CAF recruitment and retention of men and women slowed during the early- to mid-2010s — and full- and part-time membership fell short of targets. The recruitment of women stagnated, and women left their positions at a slightly higher rate than men. In response, the CAF established a recruitment and retention strategy that sought to increase the number of female personnel by one per cent annually, with a goal of reaching 25 per cent representation by 2026.

By February 2018, 15.3 per cent of CAF personnel, 4.3 per cent of combat personnel and 17.9 per cent of all CAF officers were women. Of the 14,434 women serving, 7,408 were in the Army, 2,856 in the Royal Canadian Navy and 4,160 in the Royal Canadian Air Force. A year later, 4.8 per cent of combat personnel in the regular force and primary reserve were women. By February 2020, women made up 16 per cent of CAF personnel: 19.1 per cent of officers and 15.1 per cent of non-commissioned members. The percentage of women was highest in the navy (20.6 per cent), followed closely by the air force (19.8 per cent). Women comprised 13.5 per cent of the Canadian army in 2020.

The percentage of women in the CAF has increased slightly since 2020. As of May 2023, women comprised approximately 16.5 per cent of the regular force and primary reserve in the CAF: 19.6 per cent of officers and 15.4 per cent of non-commissioned members. Women made up 20.7 per cent of the navy, 20.3 per cent of the air force, and 13.9 per cent of the army at that time.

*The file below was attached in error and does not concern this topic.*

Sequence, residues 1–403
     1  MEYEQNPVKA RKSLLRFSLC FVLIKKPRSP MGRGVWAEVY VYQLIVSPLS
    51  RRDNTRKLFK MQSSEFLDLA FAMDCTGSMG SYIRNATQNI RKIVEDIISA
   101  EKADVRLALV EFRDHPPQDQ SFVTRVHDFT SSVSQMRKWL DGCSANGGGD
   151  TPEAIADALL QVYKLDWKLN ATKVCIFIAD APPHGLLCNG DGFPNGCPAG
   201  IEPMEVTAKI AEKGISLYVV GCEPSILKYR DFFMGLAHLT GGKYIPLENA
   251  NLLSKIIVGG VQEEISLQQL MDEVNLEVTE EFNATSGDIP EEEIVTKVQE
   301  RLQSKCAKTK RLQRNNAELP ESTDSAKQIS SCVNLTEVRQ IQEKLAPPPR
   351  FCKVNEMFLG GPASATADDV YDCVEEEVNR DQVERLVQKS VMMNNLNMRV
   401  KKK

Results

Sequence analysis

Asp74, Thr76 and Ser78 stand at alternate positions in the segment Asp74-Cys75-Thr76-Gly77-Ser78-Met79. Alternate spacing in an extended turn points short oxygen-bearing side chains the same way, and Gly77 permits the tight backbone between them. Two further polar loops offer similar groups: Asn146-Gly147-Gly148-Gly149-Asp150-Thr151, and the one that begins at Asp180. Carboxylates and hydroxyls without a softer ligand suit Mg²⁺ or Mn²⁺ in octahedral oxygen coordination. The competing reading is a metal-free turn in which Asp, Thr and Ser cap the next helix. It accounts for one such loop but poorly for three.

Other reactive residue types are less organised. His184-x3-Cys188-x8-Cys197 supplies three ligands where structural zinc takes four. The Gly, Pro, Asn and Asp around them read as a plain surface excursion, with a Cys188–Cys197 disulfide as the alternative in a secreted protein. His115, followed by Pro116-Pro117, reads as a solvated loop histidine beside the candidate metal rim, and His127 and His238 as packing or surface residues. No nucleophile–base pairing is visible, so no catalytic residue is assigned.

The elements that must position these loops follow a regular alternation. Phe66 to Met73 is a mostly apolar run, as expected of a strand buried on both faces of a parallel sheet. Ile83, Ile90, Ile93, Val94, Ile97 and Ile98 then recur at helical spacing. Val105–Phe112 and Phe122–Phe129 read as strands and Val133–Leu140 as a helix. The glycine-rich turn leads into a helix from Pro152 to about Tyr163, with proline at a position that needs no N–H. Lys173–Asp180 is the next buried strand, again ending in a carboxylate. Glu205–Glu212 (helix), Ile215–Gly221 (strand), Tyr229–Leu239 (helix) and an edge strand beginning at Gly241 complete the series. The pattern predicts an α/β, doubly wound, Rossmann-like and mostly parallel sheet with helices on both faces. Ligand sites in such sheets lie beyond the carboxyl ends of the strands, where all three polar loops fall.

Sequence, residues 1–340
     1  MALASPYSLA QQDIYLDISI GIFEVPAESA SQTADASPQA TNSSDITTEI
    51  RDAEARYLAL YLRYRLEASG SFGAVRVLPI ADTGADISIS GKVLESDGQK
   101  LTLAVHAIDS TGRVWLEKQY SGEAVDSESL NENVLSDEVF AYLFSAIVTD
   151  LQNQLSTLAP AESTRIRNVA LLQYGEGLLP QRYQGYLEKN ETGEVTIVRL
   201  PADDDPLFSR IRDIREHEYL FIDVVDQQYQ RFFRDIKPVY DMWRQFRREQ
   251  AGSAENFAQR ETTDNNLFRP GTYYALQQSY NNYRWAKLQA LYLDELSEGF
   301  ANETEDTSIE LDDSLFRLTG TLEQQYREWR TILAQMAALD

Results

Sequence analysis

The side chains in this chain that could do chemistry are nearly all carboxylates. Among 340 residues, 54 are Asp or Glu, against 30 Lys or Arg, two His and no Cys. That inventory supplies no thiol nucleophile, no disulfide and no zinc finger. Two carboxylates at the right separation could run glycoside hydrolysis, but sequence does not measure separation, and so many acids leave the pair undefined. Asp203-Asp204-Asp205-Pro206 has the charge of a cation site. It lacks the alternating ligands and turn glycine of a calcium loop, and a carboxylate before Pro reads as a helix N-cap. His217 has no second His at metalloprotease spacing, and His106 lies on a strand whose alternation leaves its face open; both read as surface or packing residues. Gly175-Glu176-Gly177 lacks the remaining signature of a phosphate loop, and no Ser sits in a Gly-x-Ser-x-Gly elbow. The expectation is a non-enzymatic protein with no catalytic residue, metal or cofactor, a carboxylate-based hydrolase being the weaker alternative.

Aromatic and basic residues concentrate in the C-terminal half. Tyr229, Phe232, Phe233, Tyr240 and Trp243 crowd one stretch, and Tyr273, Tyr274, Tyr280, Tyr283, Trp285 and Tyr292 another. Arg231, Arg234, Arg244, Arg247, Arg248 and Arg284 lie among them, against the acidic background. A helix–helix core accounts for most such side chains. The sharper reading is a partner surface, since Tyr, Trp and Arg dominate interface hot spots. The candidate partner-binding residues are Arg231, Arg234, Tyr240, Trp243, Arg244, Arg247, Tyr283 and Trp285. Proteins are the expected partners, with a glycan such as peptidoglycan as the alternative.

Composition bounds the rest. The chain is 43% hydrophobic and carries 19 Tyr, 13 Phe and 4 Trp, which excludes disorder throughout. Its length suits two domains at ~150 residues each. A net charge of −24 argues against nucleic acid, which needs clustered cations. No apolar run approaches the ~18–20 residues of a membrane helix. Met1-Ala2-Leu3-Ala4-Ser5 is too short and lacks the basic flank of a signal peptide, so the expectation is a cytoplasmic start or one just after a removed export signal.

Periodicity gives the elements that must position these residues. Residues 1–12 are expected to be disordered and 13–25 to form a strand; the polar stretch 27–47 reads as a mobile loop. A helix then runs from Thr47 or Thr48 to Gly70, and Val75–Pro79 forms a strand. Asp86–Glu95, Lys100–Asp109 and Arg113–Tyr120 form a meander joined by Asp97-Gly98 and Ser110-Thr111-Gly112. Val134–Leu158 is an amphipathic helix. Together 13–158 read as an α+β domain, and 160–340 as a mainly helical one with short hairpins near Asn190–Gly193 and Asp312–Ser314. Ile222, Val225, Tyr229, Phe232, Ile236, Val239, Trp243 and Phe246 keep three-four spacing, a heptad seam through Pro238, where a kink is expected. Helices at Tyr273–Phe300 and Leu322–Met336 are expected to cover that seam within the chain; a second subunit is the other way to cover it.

(See also Women in the Canadian Armed Forces.)

Women and the Anti-War Movement

Canadian women have impacted warfare as much as warfare has impacted them. Some have significantly affected the character of the Canadian military by climbing its ranks and promoting its activities, while others have joined pacifist and anti-war movements that have sharply criticized the military. Many Canadian women have undertaken leading roles in the struggle against war. This was especially the case during the First World War, when women across Europe and North America organized for peace on an unprecedented scale.

Yet the war also had a very divisive impact on Canadian women. A number of mainstream women’s organizations, such as the National Council of Women of Canada (NCWC) and the National Committee of Women for Patriotic Service (NCWPS), openly or tacitly supported the war. Other women contested the war at its outset but became increasingly convinced of its necessity. Prominent suffrage leaders Nellie McClung, Emily Murphy and Flora MacDonald Denison, for instance, all held to their longstanding pacifist beliefs when war broke out in 1914, but later changed their position as they became convinced that Germany’s attacks on Britain could only be stopped through military defeat.

In 1915, prominent American reformer Jane Addams organized the Women’s Peace Conference at The Hague. Addams had invited the NCWC and the NCWPS, but both declined. A handful of Canadians did ultimately attend as independent delegates, including Julia Grace Wales and Laura Hughes. The Women’s International League for Peace and Freedom was founded by women active in the women’s suffrage movement in Europe and North America who attended the conference at The Hague. These women wished to end the First World War and seek ways to ensure that no more wars took place.

In the subsequent century, the alignment of the pacifist movement and nationwide women’s activism was never again quite as strong as it was during the First World War. Nonetheless, Canadian women did play a leading role in the struggle for nuclear disarmament in the 1960s, which gave birth to the Voice of Women (now the Canadian Voice of Women for Peace). In the early years of the 21st century, thousands of women across the country also mobilized to prevent Canada’s involvement in the 2003 United States-led invasion of Iraq.